Cities and states are experimenting with trust fund accounts to narrow the racial wealth divide.
The 2020 election is shaping up to be the most expensive in American history. Ten years after Citizens United, our elections are awash with the money of mega-donors and corporations that drown out the voices of everyday Americans — with serious consequences for racial and economic justice.
An antidote is sitting on Mitch McConnell’s desk, having passed the House a year ago and still not been put up for a vote in the Senate. H.R. 1, the For the People Act, would blunt the distorting influence of big money in politics. It could transform who runs for office, who wins, and what issues get prioritized in Congress.
Elections have become extravagantly costly. In 2016, campaign spending by or in support of Donald Trump and Hillary Clinton totaled $2.4 billion. The average Senate winner in 2018 spent $15.7 million, with challengers needing on average $23.8 million to topple incumbents. Even local election costs can be forbidding. Spending in the Los Angeles County school board primary last month topped $6 million.
Although occasionally a candidate like Bernie Sanders has strong enough national appeal to raise the money to compete from a broad network of small donors, that’s the exception. The vast majority have to rely on a class of large donors to be viable.
Less than 1 percent of the population provides the majority of campaign funds. Indeed, just 25 people pumped over $600 million into the 2016 federal elections.
That donor class looks nothing like America. The compounding of historical racial subordination and ongoing discrimination has given us an economy in which the Forbes 400 billionaires have as much wealth as the entire Black population and a quarter of the Latino population combined. Today, the top 1 percent are more than 90 percent white; the top 10 percent are 85-90 percent white. These are the groups that dominate political giving in America.
Dēmos’s analysis of campaign finance records bears this out. Ninety-two percent of federal election donors in 2014 and 91 percent of donors in 2012 were white. The numbers are even more skewed among large donors. Ninety-four percent of those giving more than $5,000 in 2014 and 93 percent in 2012 were white.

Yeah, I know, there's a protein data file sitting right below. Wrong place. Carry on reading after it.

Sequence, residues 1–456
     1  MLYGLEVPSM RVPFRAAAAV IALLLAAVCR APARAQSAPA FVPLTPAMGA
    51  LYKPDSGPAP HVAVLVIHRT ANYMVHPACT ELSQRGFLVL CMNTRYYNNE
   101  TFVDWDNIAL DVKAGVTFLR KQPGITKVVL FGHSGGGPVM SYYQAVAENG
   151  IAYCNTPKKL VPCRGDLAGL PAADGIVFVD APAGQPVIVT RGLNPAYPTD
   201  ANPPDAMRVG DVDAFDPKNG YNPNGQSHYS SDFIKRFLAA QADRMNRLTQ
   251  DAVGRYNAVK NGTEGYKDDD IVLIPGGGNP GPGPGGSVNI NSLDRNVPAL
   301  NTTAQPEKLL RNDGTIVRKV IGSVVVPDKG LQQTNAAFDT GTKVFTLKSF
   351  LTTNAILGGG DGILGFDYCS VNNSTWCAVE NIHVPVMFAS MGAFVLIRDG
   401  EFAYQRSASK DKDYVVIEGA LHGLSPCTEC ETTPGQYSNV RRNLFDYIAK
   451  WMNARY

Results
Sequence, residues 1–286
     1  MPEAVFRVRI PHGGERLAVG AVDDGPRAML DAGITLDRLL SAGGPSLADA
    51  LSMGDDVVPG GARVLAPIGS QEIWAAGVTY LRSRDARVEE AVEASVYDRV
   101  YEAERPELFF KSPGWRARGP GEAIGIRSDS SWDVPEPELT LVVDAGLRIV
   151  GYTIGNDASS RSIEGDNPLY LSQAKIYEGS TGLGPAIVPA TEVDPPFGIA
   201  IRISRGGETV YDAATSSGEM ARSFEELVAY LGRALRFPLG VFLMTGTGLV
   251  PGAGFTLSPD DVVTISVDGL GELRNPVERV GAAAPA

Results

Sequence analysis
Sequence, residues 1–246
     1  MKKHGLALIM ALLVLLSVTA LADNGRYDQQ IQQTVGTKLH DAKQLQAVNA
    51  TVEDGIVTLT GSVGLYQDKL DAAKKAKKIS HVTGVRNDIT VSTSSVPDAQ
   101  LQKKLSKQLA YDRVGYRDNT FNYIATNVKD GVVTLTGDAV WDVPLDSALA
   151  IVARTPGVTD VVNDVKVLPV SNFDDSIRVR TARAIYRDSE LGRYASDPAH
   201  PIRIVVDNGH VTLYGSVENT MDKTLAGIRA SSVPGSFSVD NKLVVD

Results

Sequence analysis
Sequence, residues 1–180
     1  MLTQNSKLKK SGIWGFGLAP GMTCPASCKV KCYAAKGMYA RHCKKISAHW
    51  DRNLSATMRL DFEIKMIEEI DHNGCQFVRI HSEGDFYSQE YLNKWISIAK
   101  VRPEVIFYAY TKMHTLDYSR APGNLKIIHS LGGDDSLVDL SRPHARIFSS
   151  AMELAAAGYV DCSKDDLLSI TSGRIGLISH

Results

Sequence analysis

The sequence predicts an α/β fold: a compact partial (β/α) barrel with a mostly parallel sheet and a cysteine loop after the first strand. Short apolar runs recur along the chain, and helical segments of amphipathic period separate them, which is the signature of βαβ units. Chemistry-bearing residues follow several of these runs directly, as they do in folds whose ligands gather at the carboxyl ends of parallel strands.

What’s the consequence of a political system dependent on an overwhelmingly white donor class? The perpetuation of racial inequality.
First, the big money system is a barrier to entry for Black and brown candidates. Studies show they’re less likely to have networks of rich friends and business associates, making it difficult for them to survive the “wealth primary” where donors filter the candidate pool before a single vote is cast. When candidates of color do run, they raise on average 47 percent less than their white counterparts. White candidates are also far more likely to be in a position to self-fund their campaigns. This is a big reason 90 percent of our elected officials are white, even though 37 percent of us are people of color.
Second, the policy preferences of the donor class are far out of step with those of the general public, and particularly of people of color.
On economic policy, for example, polls show that people of color support the role of government in reducing inequality at significantly higher rates (67 percent) than do people earning over $100,000 a year (53 percent). People of color are also more likely to list job creation and affordable college as their economic priorities, whereas the wealthy are more likely to cite lower taxes and deficit reduction.
It shouldn’t surprise us, then, when elected officials champion an agenda that serves the interests of the wealthy at the expense of Black and brown families and working people across America.
The challenge is that the Supreme Court has invalidated commonsense campaign finance protections time and again. It has struck down reasonable contribution limits and restrictions on self-financing, allowed the rise of SuperPACs, and greenlit wealthy individuals pumping millions into the system.
H.R. 1 contains innovative programs that would stay within the lines drawn by the Court and still curb the harmful influence of big money.
The most significant is a public financing system for congressional candidates that would match small-donor contributions — those under $200 — at a rate of 6:1. In this way, a $20 donation would become $140, a $200 donation $1,400. The cost of the program is reasonable — one estimate is $3 billion over 10 years, or $1 per citizen per year. The bill also creates a pilot program of $25 “My Choice” vouchers for people to give to congressional candidates they support.
These programs would amplify the voices of people currently being drowned out by big money. It would offer a path for congressional and presidential candidates to rely on donations from everyday people, not wealthy donors. Similar public financing programs in New York City and Arizona and a voucher program in Seattle have diversified the donor pool and allowed more candidates of color to run. These programs can help produce more equitable public policy. For example, the advent of public financing in Connecticut was crucial to breaking a legislative logjam and becoming the first state in the nation to guarantee paid sick leave.
Countering the undue influence of big money in our elections is a civil rights issue. H.R. 1, the For the People Act, would be a giant step forward. The American people should demand that it become law.